lost iPhones (and other iDevices)

So a recent issue at work caused us to check out the ‘oh crap I lost my phone’ features that iCloud gives us, and the functionality is pretty cool. This feature applies to any Apple device on which you’ve configured the ‘Find My . . .’ service. On Mac OS X this can be found in the System Preferences under iCloud, while on the iPhone or iPad it is the settings app, also under iCloud. Just enable the Find My iPad or Find my iPhone toggle.

Once this is configured you can go to iCloud.com, log in, and see where your devices are. iCloud will show you a nice big, green dot on a map to show where the device is, but that is not all.

From here you can have your device play a sound, which is the same annoying ring for each device, although it’s worth noting that for a MacBook the ring will not sound if the lid is closed and the machine is suspended. As a matter of fact, little will work, although the iCloud interface can alert you when the device is found. This will create a popup prompt on all your other devices when your missing devices is back online and able to report its location. When the device is ‘found’ you’ll also receive an email stating the location where it was found and the time.

In the case of the ‘play a sound’ feature, by the way, iCloud will also shoot you an email saying that it played a sound on the device.

What may be even handier in the event of a lost device is your ability to lock the device remotely for laptops, or even enter ‘Lost Mode’ for iPhones and iPads. In this mode the lock screen on the device will display a phone number (which you tell iCloud) and a brief message. This message stays in place until the device is unlocked.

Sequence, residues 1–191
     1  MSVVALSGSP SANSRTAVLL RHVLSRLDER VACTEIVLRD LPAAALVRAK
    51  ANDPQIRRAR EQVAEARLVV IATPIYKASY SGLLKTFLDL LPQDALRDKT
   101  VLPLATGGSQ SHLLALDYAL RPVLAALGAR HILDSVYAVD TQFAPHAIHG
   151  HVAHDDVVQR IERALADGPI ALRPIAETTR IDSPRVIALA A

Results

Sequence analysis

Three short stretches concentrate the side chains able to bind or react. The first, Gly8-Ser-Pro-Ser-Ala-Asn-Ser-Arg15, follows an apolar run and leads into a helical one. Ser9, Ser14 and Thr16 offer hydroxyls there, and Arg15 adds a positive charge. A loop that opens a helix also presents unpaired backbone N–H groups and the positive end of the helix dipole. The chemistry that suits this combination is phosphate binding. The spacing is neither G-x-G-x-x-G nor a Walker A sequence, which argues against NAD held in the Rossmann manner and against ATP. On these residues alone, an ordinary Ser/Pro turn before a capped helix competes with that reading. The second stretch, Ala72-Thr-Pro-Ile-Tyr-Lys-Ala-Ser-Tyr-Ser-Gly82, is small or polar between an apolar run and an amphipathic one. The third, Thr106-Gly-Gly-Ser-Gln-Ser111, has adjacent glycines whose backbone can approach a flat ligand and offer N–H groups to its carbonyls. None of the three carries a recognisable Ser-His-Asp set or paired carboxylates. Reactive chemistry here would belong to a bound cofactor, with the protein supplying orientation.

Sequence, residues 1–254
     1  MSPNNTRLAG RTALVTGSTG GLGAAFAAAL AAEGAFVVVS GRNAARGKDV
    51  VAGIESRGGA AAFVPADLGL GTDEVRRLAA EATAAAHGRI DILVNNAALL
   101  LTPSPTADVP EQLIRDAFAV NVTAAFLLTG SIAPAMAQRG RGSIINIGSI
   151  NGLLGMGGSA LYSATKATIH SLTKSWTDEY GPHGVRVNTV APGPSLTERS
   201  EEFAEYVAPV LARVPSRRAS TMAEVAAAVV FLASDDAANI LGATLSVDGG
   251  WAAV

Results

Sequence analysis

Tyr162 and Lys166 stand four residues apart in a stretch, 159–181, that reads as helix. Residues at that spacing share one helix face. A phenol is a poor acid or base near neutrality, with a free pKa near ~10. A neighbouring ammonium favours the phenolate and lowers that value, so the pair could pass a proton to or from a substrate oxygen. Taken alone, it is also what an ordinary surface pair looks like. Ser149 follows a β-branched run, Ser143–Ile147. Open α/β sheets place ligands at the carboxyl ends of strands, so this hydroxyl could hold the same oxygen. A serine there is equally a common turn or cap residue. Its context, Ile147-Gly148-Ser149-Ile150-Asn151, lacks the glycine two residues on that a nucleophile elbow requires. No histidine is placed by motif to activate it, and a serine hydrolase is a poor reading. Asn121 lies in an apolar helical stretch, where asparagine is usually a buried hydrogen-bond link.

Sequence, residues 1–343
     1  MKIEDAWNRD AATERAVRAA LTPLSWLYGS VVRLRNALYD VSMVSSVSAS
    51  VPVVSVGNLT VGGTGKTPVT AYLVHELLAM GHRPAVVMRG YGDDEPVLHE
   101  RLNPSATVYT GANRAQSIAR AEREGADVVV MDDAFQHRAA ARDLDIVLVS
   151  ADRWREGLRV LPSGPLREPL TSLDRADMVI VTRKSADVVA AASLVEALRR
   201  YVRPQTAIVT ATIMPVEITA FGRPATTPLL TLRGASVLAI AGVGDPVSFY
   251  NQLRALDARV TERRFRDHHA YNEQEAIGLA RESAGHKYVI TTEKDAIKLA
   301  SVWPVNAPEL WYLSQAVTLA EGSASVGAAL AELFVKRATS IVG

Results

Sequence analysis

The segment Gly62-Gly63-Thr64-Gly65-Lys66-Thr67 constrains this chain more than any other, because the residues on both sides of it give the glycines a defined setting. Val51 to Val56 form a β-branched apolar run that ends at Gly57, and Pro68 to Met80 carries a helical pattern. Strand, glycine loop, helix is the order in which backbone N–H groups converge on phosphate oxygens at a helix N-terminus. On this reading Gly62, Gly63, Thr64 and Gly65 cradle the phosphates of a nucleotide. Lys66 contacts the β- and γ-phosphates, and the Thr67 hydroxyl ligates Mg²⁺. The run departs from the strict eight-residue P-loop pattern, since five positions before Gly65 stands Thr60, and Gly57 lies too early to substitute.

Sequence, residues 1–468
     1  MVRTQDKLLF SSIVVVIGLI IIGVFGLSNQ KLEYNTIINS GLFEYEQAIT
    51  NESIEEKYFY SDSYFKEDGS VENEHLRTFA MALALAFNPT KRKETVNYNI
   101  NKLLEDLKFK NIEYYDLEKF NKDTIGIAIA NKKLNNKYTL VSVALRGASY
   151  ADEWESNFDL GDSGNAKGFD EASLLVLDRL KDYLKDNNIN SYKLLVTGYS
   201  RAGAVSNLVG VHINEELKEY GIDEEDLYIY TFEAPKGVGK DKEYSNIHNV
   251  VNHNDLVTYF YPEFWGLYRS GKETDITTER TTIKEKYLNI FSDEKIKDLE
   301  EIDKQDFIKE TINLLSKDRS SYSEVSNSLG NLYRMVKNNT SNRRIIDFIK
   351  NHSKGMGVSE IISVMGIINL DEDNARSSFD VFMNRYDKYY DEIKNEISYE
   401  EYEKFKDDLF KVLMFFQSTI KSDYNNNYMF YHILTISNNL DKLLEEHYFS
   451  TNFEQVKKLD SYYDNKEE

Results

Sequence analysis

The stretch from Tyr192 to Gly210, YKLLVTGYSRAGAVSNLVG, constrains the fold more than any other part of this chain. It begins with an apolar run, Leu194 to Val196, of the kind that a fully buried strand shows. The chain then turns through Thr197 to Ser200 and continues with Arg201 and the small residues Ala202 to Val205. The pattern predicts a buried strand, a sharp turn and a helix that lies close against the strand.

Finally, iCloud has the ability to erase any of these devices remotely. This process seems kind of scary, but clicking on the ‘Erase iPhone’ button kicks of a series of confirmation steps which require you to enter your iCloud account password, and then a phone number and brief message that will be displayed once the erase is complete. It gets to work immediately, by the way. For an iPod Touch it took less than five seconds to start, and perhaps three minutes to complete.

So now you know what your options are with your iDevices. The cynical side of all of us can assume that each of these features is likely to make your movements (and perhaps your data) accessible to the NSA, but if you’re not a tinfoil hat wearer I think you should take comfort in having this many options in the event you lost one of your devices.

iCloud screenshot

Plagiarism: everything you should already know

Here are some things worth knowing about plagiarism:

The term ‘plagiarism’ refers to representing something you’ve written as original when it is in fact not.

Things that require citation include quotes, ideas, summaries, illustrations, and photographs.

When copying an exact phrase, sentence, or block of text from a source it’s not enough to cite it (and by that I mean including a link to your source or a mention of the author’s name in parentheses.) You must enclose the copied text in quotes to avoid plagiarizing the work.

It is possible to plagiarize yourself. Since plagiarism refers to misrepresenting something as wholly original, even using your own previous writing in a new paper will get you in trouble.

Plagiarism is illegal. Youngstown State University’s ‘Plagiarism FAQ‘ does a great job of discussing how different organizations approach the legalities of plagiarism, but the bottom line is that you could face both fines and jail time for plagiarism.